332 F.2d 565
Clifton Peter BORNE and Donald Joseph Walker, Appellants,
UNITED STATES of America, Appellee.
United States Court of Appeals Fifth Circuit.
June 5, 1964.
Rehearing Denied July 16, 1964.
Dean A. Andrews, Jr., James T. Davis, Marcel J. Meunier, Jr., New Orleans, La., for appellants.
Peter E. Duffy, John C. Ciolino, Asst. U. S. Attys., Louis C. LaCour, U. S. Atty., New Orleans, La., for appellee.
Before CAMERON,* WISDOM and GEWIN, Circuit Judges.
Appellants were convicted for unlawfully selling a quantity of marihuana cigarettes in violation of 21 U.S.C.A. § 176a and 26 U.S.C.A. § 4742(a). The case was tried by a jury. Appellant Borne contends that the statutory presumption1 embodied in 21 U.S.C.A. § 176a violates his constitutional rights. Appellant Walker contends that his conviction is invalid by reason of entrapment.
After a careful consideration of the entire record, we find to the contrary. The constitutionality of the presumption contained in 21 U.S.C.A. § 176a, relating specifically to the importation, possession and sale of narcotic drugs, has been consistently upheld. Manning v. United States, 5 Cir., 1960, 274 F.2d 926. A legislative presumption of one fact from evidence of another does not constitute a denial of due process of law when there is some rational connection between the fact proved and the ultimate fact presumed. Barrett v. United States, 5 Cir., 1963, 322 F.2d 292.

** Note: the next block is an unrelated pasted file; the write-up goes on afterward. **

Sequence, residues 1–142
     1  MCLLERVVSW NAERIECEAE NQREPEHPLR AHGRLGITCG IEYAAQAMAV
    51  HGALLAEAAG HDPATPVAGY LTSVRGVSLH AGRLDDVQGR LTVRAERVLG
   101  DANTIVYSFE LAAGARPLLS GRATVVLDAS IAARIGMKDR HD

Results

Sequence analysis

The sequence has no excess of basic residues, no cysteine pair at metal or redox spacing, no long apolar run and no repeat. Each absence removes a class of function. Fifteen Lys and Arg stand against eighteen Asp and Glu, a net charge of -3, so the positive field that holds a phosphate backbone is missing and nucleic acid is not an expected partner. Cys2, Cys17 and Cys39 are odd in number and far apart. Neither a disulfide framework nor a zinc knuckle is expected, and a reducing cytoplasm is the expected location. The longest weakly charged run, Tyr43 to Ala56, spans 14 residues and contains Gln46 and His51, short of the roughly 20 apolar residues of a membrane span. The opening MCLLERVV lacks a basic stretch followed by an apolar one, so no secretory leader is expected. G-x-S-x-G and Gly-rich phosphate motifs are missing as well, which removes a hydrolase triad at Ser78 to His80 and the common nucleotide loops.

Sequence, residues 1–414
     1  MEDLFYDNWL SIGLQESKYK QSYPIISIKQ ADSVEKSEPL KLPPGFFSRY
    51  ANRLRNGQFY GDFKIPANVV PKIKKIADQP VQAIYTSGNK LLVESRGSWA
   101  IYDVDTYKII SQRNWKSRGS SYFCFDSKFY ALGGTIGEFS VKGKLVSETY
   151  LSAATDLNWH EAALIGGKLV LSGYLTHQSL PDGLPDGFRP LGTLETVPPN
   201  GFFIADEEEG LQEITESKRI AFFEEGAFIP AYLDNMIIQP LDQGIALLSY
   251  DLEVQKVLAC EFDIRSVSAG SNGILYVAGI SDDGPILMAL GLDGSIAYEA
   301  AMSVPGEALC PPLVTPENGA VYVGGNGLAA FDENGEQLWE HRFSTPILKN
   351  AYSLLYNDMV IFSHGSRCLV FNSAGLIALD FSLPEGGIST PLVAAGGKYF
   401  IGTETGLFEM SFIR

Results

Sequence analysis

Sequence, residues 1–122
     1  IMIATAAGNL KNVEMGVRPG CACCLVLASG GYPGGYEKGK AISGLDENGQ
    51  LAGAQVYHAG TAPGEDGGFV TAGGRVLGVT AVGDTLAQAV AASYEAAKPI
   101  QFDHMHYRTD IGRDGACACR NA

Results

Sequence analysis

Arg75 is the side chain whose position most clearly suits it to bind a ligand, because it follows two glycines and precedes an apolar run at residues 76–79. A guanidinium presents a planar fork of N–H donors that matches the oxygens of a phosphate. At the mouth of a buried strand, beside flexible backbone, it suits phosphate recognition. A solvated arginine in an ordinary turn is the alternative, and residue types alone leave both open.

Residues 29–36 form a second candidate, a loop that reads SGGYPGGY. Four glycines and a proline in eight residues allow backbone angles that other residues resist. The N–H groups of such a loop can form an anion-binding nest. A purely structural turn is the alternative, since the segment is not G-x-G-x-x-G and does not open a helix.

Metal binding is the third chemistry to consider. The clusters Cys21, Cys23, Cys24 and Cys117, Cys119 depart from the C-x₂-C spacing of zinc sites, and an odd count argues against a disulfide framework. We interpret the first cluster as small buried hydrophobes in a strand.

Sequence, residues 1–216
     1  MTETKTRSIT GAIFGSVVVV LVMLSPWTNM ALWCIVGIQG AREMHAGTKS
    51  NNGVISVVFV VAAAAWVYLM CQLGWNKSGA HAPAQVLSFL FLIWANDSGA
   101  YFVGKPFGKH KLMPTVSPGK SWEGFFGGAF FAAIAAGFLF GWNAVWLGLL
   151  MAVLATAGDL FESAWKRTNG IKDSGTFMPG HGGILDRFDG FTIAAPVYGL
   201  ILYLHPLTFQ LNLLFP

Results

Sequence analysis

The undisputed testimony contained in the record disclosed that it was appellant Walker who initiated the proposal to sell marihuana to Agent Robinson on their first meeting, and it was he who was the principal figure in bringing appellant Borne into negotiations for the subsequent sale of marihuana. When the actions of government agents "merely afford opportunities or facilities for the commission of the offense" there has been no entrapment. Sorrells v. United States, (1932) 287 U.S. 435, 53 S.Ct. 210, 77 L.Ed. 413. Such were the facts in this case. Therefore, the convictions are affirmed.
It should be observed that Judge Cameron participated in the hearing and decision of this cause but died before the opinion was filed. See 28 U.S.C.A. § 46.
Judge Cameron participated in the hearing and decision of this cause but died before the opinion was filed. See 28 U.S. C.A. § 46
A presumption that links possession to smuggling. 21 U.S.C.A. § 176a:
"Smuggling of marihuana; penalties; evidence; definition of marihuana. * * *
"Whenever on trial for a violation of this subsection, the defendant is shown to have or to have had the marihuana in his possession, such possession shall be deemed sufficient evidence to authorize conviction unless the defendant explains his possession to the satisfaction of the jury." (Only the pertinent portion of the Section is quoted.)